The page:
Review | Murder on The Orient Express at Chichester Festival Theatre: 'Henry Goodman steps cleanly from the Suchet shadow'

The 2022 Chichester Festival Theatre season continues with a new adaptation of what could be considered Agatha Christie’s masterpiece.

By James George
Saturday, 21st May 2022, 11:16 am

Now, I adore, nay worship, La Christie and went along with high hopes. Very high hopes.

First, of course and irritatingly for the director, you’ve got to cast a Poirot who can stand his own against Suchet. In that, Jonathan Church has very, very much succeeded. Henry Goodman steps cleanly from the Suchet shadow and owns it, completely, from the moment he sets foot on the stage. It is a joy of a performance, completely Goodman’s own, and one that, surely, Ms Christie would smile benevolently upon.

The rest of the cast, too, give strong performances. Patrick Robinson as Poirot’s sidekick, Bouc, is nicely – and in a very controlled way – overplayed; Joanna McCallum and Joanna van Kampen offer good takes on the staid and stoic Princess Dragamiroff and the mentally fragile Greta Ohlsson and Laura Rogers’ Countess Andrenyi is beautifully realised.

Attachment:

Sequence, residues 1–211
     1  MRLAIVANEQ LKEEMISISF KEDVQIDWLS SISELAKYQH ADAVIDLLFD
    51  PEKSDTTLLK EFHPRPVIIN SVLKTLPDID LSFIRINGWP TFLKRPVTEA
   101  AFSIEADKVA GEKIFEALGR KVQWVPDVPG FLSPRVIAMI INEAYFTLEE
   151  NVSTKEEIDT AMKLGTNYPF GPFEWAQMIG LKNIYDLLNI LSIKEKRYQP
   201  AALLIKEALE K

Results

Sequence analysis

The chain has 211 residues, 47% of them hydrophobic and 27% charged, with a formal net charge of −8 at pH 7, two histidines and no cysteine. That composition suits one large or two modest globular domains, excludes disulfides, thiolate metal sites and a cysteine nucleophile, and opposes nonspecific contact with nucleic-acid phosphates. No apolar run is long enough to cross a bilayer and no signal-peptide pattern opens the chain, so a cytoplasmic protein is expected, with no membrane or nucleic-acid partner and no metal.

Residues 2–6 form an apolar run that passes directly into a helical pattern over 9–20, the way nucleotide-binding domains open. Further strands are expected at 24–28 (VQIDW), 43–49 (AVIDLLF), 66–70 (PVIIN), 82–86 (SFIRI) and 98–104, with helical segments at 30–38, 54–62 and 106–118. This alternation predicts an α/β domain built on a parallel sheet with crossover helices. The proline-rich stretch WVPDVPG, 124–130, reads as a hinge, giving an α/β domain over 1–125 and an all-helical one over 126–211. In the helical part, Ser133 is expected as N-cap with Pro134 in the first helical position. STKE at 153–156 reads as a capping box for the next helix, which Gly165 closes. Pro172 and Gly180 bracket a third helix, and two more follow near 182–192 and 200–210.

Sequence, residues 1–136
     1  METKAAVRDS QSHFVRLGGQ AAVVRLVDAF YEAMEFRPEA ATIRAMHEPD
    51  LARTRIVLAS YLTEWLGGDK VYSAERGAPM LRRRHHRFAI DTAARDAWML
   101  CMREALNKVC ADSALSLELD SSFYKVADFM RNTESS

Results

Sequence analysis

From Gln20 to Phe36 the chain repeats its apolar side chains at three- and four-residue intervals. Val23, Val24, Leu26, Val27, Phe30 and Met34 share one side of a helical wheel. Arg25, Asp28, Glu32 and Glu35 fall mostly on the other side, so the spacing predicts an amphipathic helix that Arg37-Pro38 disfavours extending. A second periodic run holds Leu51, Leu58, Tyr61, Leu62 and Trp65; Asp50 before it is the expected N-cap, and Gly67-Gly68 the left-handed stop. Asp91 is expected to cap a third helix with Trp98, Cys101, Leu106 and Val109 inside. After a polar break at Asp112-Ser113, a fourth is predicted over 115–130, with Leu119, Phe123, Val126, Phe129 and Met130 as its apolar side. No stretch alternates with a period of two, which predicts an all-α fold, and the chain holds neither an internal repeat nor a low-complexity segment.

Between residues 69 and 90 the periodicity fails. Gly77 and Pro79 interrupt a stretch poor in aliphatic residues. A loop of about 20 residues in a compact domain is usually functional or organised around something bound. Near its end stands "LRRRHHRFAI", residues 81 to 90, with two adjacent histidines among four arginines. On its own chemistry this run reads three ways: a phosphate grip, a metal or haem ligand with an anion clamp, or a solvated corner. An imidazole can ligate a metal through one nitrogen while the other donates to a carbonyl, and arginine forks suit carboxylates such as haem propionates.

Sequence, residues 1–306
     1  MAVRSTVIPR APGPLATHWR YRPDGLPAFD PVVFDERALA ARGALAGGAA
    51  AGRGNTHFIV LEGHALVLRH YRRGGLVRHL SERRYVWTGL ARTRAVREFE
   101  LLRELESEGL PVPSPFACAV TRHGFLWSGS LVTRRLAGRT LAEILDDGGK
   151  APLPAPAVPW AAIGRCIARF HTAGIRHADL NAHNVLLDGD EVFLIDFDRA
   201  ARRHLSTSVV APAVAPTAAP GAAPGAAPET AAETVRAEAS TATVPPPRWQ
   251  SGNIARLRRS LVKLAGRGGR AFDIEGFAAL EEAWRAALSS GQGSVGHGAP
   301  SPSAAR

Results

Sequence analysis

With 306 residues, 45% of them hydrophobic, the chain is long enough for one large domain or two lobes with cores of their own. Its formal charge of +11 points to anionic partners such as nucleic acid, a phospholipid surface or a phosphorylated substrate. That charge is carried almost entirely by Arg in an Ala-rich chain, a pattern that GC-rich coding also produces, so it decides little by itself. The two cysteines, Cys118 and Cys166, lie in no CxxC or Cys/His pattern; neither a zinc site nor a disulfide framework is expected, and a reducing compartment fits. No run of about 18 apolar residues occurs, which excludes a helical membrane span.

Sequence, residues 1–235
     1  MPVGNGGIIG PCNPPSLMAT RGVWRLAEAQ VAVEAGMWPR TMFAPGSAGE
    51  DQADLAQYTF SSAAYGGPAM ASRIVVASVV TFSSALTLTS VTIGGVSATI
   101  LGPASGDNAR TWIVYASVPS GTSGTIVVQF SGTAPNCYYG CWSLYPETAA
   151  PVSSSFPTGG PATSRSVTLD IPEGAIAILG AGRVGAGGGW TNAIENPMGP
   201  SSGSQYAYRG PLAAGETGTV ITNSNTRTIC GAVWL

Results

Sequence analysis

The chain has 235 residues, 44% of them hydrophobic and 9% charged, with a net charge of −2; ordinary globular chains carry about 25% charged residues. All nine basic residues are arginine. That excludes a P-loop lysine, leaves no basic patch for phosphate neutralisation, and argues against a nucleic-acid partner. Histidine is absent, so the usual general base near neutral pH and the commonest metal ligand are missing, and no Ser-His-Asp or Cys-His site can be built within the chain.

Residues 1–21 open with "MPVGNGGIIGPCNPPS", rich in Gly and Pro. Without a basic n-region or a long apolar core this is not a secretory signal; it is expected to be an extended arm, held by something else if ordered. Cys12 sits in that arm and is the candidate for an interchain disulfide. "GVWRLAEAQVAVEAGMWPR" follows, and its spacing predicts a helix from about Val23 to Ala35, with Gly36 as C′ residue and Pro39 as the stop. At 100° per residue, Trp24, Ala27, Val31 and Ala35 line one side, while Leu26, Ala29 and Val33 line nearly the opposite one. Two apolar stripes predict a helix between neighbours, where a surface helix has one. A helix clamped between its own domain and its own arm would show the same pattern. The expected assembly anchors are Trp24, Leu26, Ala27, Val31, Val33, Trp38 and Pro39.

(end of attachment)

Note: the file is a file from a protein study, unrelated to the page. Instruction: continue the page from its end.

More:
Sign up to our daily newsletter

Henry Goodman as Hercule Poirot & Taz Munyaneza as Mary Debenham in Murder on the Orient Express at Chichester Festival Theatre. Photo by Johan Persson

All power, too, to the stage-crew who move the often-bulky scenery balletically around the Festival Theatre stage; their choreography is so well thought-through and so well executed that their first scene-change on press-night got a deserved round of applause.

It looks good and there are strong performances, so why, ultimately, did it fail for me?

There is just too much of an emphasis on the comic, particularly in the first act, for my taste. Now – a bit of comedy thrown in to spice up the action never goes amiss – but this verges on being a laugh-a-minute thing and Christie as comedy just didn’t work for me.

One of the reasons I like her work is the sense of threat that runs through the subtext in her stories. This simply isn’t there and once an audience has permission to laugh, laugh it will. The subsequent more serious stuff later in the play was laughed at simply because the audience had been granted that permission. Does the blame, here, lie with Christie’s adaptor or the director? Probably both.

Joanna Van Kampen as Greta Ohlsson & Joanna McCallum as Princess Dragomiroff in Murder on the Orient Express at Chichester Festival Theatre. Photo by Johan Persson

I also felt the flashbacks at the denouement were cack-handedly staged and, indeed, raised more titters from the audience at a time when it should have been edge-of-your-seat stuff.

Me? I share the view the curate had of his breakfast-egg.

Until June 4.

Henry Goodman as Hercule Poirot & Patrick Robinson as Monsieur Bouc in Murder on the Orient Express at Chichester Festival Theatre. Photo by Johan Persson